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  Mouse round-up: Logitech, Microsoft and Razer mice compared

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Read our latest take: 2010 Mouse Round-up: 12 Options, Every Budget Covered

We have said it from day one in our reviews, buying guides, and even on the news when possible, spending a considerable amount of money in a good keyboard and mouse is not a waste of your hard earned cash. After all, those are the devices you will be interacting with 90% of time. Be it because of ergonomic reasons or plain comfort, if you are serious about computing, we certainly encourage you to invest in such high-end input devices rather than in the latest quad-GPU graphics board.

That is the reason today we are taking a look at six mice ranging from $20 to a bit over $50. The contenders today are from Logitech: the MX1000 and MX518, from Razer: the Viper and Diamondback, and from Microsoft: the Wireless Intellimouse Explorer, and the Optical Mouse by S+ARCK. 

 

Logitech MX1000

Logitechís flagship mouse was the first we tested. Boasting a laser sensor, the MX1000 gives 20 times the tracking power of a regular optical mouse according to Logitech; not surprisingly itís the most expensive of the pack but undoubtedly is the one that differentiates the most as well.

Although regular optical mice have improved over the past few years, the laser equipped MX1000 excelled when testing it on a variety of surfaces.  We randomly grabbed items such as sheets of paper, folders, glass, and even a t-shirt, and the mouse was still able to function. The mouse comes with a battery meter on the side that displays how much battery life is left, a handy feature that we would expect to see more often in newer mice. As with optical mice, if you donít make use of it for several seconds, the battery indicator turns off and the mouse goes into power saving mode.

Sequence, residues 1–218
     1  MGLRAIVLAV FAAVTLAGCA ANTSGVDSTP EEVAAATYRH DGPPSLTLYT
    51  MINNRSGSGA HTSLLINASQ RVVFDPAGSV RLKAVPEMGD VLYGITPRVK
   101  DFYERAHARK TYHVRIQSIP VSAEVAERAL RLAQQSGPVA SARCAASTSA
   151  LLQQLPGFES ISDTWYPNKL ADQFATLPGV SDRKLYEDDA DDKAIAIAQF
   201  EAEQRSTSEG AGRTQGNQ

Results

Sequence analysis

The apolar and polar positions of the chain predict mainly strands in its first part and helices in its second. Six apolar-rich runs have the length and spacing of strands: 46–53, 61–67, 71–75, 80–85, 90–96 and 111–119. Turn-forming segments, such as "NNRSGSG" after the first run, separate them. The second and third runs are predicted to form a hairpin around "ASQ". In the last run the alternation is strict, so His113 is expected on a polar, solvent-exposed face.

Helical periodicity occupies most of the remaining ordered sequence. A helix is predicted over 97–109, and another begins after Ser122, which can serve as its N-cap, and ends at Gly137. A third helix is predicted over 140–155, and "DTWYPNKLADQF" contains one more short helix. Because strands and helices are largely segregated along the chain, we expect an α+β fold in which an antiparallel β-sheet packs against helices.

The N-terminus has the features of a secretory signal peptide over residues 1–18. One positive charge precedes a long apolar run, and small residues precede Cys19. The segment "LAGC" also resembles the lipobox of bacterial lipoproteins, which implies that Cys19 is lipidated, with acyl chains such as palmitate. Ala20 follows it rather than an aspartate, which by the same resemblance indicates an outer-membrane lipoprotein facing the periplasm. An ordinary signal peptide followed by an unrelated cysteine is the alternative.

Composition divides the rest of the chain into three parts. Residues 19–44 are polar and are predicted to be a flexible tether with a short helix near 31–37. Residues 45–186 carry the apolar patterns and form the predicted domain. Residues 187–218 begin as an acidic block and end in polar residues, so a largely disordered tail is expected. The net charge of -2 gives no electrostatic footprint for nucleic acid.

The shape of the mouse may seem a bit odd at first, but it is easy to get used to.  On the left side of the mouse, there is an indentation that makes a perfect location to place the thumb.


Although Microsoft was the first to jump into the side-to-side scrolling bandwagon, it didnít take long for Logitech to catch up; this is another of the features in the MX1000. Once the mouse is configured properly using Logitech's SetPoint software, the side-to-side scrolling is a wonderful feature especially when web browsing or in other applications such as Photoshop, or even in games once you get used to, you could make good use of it for scrolling through inventory, among a number of different other uses. Although the mouse does work without installing any drivers, Logitech includes their own SetPoint software which allows user customization of the 8 buttons available.

  

I tested playing good old Quake III, Return to Castle Wolfenstein: Enemy Territory, Doom III, and Diablo II, and found the mouse to perform well at all times however at the same time one may say it wasnít anything too spectacular or different than other of the mice reviewed here. This last remark especially goes for the laser technology which has been used to market the mouse as a high-end device. Although laser has somewhat proven to be better than existing optical mice, that doesnít necessarily mean a whole world of difference in tracking or mouse response.

Nevertheless, Logitech expects to grab hardcore gamersí attention with the MX1000 and from what we have seen, they havenít done bad at all. People more sensitive to high prices will want to know the MX1000 can now be bought for slightly more than $50 which is way better than the introductory price of ~$80.

Pros:

  •  Unbelievable ability to track movement on many surfaces

  •  Ergonomic

  •  Best overall mouse

  •  First laser mouse

  •  Li-Ion battery

Cons:

  •  Most expensive mouse reviewed

Images courtesy of Newegg.



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